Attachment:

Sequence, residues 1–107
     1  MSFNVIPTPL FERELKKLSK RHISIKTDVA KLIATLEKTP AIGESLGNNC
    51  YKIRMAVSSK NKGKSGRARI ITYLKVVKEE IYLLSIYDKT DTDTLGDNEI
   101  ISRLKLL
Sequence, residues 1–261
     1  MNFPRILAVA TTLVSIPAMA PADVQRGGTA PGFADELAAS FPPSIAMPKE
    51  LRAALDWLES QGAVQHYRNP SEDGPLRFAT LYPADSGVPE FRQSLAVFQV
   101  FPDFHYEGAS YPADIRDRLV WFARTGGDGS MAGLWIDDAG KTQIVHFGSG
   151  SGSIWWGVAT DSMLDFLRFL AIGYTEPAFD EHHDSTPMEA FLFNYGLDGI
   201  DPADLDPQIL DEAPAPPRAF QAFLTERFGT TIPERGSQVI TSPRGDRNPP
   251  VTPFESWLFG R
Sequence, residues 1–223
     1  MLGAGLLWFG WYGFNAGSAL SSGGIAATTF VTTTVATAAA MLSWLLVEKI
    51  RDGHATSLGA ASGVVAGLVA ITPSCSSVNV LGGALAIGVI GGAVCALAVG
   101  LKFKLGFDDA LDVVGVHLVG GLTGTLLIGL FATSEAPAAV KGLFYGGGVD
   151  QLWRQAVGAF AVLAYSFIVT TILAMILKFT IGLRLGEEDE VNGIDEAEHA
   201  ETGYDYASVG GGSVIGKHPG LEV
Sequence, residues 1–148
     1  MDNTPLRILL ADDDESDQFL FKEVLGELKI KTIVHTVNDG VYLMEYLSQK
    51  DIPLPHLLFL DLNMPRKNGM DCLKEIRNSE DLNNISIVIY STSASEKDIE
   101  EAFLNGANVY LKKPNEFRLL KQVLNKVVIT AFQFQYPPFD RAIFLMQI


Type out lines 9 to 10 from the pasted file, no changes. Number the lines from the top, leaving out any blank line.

   151  SGSIWWGVAT DSMLDFLRFL AIGYTEPAFD EHHDSTPMEA FLFNYGLDGI
   201  DPADLDPQIL DEAPAPPRAF QAFLTERFGT TIPERGSQVI TSPRGDRNPP